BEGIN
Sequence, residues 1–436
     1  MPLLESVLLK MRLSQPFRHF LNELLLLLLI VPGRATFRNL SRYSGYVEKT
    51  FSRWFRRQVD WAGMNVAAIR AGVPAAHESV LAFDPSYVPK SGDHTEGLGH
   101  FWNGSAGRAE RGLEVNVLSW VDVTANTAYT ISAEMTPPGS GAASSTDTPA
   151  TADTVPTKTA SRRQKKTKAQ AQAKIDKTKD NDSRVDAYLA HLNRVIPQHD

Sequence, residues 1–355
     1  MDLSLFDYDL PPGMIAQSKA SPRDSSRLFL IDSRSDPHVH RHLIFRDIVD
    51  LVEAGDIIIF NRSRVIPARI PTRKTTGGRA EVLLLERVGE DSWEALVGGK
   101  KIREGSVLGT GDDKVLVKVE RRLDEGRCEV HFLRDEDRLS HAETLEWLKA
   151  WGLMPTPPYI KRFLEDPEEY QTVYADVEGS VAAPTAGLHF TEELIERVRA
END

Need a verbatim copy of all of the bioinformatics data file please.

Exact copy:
Sequence, residues 1–436
     1  MPLLESVLLK MRLSQPFRHF LNELLLLLLI VPGRATFRNL SRYSGYVEKT
    51  FSRWFRRQVD WAGMNVAAIR AGVPAAHESV LAFDPSYVPK SGDHTEGLGH
   101  FWNGSAGRAE RGLEVNVLSW VDVTANTAYT ISAEMTPPGS GAASSTDTPA
   151  TADTVPTKTA SRRQKKTKAQ AQAKIDKTKD NDSRVDAYLA HLNRVIPQHD

Sequence, residues 1–355
     1  MDLSLFDYDL PPGMIAQSKA SPRDSSRLFL IDSRSDPHVH RHLIFRDIVD
    51  LVEAGDIIIF NRSRVIPARI PTRKTTGGRA EVLLLERVGE DSWEALVGGK
   101  KIREGSVLGT GDDKVLVKVE RRLDEGRCEV HFLRDEDRLS HAETLEWLKA
   151  WGLMPTPPYI KRFLEDPEEY QTVYADVEGS VAAPTAGLHF TEELIERVRA